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Abstract:Many training data attribution (TDA) methods aim to estimate how a model's behavior would change if one or more data points were removed from the training set. Methods based on implicit differentiation, such as influence functions, can be made computationally efficient, but fail to account for underspecification, the implicit bias of the optimization algorithm, or multi-stage training pipelines. By contrast, methods based on unrolling address these issues but face scalability challenges. In this work, we connect the implicit-differentiation-based and unrolling-based approaches and combine their benefits by introducing Source, an approximate unrolling-based TDA method that is computed using an influence-function-like formula. While being computationally efficient compared to unrolling-based approaches, Source is suitable in cases where implicit-differentiation-based approaches struggle, such as in non-converged models and multi-stage training pipelines. Empirically, Source outperforms existing TDA techniques in counterfactual prediction, especially in settings where implicit-differentiation-based approaches fall short.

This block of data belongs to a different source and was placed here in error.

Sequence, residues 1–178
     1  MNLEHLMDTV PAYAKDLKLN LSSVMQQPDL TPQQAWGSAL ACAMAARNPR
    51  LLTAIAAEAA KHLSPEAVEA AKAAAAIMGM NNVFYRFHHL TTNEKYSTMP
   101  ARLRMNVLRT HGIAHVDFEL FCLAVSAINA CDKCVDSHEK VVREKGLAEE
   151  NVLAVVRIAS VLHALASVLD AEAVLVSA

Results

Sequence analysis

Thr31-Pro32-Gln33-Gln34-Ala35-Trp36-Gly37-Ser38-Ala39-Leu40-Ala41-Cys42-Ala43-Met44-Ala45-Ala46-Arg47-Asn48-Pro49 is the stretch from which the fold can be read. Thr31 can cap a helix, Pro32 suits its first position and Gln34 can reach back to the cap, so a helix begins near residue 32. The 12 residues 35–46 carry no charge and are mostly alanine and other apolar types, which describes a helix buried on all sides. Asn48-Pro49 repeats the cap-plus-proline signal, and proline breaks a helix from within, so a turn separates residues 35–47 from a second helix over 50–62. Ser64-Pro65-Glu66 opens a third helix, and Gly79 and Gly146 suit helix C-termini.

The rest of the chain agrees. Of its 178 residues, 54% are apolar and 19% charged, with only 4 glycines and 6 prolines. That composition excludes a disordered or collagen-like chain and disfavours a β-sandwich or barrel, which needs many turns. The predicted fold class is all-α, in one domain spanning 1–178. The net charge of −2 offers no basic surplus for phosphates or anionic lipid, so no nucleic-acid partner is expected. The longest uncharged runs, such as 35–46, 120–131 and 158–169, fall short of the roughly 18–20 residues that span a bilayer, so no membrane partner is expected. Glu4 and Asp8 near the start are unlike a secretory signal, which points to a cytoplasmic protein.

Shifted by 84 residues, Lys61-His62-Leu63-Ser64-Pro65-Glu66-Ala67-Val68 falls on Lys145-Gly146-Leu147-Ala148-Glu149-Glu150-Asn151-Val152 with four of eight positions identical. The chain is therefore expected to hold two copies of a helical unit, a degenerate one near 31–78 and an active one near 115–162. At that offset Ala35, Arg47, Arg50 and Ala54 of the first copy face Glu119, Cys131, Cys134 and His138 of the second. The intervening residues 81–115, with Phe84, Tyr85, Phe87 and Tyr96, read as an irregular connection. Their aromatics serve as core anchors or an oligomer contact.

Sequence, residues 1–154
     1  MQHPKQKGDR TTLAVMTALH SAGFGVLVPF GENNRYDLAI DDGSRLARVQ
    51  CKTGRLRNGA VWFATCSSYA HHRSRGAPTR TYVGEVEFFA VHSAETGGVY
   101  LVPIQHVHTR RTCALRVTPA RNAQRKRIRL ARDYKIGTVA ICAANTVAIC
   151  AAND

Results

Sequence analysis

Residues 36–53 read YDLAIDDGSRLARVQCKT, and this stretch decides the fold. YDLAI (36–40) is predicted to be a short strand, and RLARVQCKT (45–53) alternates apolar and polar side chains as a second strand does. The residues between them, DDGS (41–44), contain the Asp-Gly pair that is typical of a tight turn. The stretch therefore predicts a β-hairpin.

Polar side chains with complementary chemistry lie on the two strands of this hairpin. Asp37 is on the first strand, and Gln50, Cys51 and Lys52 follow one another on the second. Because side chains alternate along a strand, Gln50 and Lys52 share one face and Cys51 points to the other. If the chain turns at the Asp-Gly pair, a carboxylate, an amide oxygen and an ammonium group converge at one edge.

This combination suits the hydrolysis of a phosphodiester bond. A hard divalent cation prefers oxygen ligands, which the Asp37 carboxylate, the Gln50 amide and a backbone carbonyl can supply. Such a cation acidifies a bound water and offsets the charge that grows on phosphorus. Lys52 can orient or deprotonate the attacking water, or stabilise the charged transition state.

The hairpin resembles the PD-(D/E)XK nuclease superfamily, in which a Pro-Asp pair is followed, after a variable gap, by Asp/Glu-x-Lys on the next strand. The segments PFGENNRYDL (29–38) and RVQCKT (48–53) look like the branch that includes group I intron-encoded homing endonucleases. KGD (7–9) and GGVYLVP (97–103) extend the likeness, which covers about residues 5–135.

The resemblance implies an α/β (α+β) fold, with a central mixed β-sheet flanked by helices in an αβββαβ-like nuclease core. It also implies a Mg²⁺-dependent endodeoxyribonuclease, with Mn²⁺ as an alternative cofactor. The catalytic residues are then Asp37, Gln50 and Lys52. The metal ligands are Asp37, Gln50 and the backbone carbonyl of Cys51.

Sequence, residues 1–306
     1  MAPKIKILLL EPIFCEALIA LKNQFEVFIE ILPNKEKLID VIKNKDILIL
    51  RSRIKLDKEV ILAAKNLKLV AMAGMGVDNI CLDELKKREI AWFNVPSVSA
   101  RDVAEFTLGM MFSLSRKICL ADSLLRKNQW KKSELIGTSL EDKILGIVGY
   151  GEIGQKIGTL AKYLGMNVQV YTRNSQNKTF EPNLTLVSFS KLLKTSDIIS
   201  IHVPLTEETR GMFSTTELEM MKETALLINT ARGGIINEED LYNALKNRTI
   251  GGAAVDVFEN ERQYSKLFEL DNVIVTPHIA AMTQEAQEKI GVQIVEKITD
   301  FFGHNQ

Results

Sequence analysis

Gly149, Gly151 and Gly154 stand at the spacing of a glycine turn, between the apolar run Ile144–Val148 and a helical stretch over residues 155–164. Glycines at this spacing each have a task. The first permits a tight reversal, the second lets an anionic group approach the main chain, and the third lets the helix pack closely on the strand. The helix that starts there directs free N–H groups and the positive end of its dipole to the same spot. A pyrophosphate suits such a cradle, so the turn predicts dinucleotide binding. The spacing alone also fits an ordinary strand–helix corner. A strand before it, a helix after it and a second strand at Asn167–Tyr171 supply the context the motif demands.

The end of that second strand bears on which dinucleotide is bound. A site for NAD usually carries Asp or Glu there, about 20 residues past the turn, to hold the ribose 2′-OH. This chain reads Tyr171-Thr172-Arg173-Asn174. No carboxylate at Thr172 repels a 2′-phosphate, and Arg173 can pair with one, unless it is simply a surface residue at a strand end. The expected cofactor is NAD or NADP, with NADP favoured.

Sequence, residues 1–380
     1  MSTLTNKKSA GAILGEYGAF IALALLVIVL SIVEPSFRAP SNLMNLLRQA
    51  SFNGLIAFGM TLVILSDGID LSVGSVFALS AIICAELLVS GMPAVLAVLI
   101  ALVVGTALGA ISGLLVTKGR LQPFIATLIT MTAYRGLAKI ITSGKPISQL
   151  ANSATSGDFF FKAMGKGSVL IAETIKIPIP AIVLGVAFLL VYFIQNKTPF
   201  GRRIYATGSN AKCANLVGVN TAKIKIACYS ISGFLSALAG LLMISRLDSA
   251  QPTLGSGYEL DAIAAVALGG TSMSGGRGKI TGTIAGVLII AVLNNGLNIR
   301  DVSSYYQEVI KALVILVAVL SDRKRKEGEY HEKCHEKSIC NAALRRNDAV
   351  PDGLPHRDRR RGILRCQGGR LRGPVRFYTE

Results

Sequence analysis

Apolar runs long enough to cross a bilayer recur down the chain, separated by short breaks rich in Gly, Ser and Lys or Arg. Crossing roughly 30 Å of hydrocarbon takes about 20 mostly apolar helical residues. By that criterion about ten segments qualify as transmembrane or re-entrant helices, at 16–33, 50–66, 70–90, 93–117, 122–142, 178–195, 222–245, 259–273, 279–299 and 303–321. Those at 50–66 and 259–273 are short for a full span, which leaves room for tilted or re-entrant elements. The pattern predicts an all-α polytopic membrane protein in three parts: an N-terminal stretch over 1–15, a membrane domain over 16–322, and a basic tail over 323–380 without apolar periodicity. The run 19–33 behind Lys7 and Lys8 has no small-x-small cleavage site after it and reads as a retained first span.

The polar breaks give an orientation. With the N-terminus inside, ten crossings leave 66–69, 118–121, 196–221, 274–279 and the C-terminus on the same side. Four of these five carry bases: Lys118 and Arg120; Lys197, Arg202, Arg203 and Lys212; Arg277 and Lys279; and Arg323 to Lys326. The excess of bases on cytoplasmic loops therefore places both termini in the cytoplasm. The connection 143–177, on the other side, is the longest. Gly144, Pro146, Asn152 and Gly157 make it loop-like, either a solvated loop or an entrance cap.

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Abstract:Numerous capability and safety techniques of Large Language Models (LLMs), including RLHF, automated red-teaming, prompt engineering, and infilling, can be cast as sampling from an unnormalized target distribution defined by a given reward or potential function over the full sequence. In this work, we leverage the rich toolkit of Sequential Monte Carlo (SMC) for these probabilistic inference problems. In particular, we use learned twist functions to estimate the expected future value of the potential at each timestep, which enables us to focus inference-time computation on promising partial sequences. We propose a novel contrastive method for learning the twist functions, and establish connections with the rich literature of soft reinforcement learning. As a complementary application of our twisted SMC framework, we present methods for evaluating the accuracy of language model inference techniques using novel bidirectional SMC bounds on the log partition function. These bounds can be used to estimate the KL divergence between the inference and target distributions in both directions. We apply our inference evaluation techniques to show that twisted SMC is effective for sampling undesirable outputs from a pretrained model (a useful component of harmlessness training and automated red-teaming), generating reviews with varied sentiment, and performing infilling tasks.